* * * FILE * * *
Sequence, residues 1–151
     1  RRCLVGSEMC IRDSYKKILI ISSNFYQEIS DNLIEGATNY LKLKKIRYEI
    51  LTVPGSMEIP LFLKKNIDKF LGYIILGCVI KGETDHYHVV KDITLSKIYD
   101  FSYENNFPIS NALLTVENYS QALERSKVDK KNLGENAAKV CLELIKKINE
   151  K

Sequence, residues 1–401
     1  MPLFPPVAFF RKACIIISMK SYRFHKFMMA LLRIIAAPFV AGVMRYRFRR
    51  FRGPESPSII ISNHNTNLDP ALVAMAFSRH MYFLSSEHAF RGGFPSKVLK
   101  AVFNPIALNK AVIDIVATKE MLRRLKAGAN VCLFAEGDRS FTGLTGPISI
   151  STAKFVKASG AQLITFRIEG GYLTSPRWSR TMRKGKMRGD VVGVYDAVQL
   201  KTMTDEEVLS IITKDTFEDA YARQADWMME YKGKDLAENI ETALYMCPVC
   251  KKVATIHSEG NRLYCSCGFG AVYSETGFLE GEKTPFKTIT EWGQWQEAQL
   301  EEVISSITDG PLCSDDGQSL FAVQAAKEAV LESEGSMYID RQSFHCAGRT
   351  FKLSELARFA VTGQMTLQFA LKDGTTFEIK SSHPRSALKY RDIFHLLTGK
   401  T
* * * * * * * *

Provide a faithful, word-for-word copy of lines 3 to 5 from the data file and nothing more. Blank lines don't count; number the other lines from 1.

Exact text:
    51  LTVPGSMEIP LFLKKNIDKF LGYIILGCVI KGETDHYHVV KDITLSKIYD
   101  FSYENNFPIS NALLTVENYS QALERSKVDK KNLGENAAKV CLELIKKINE
   151  K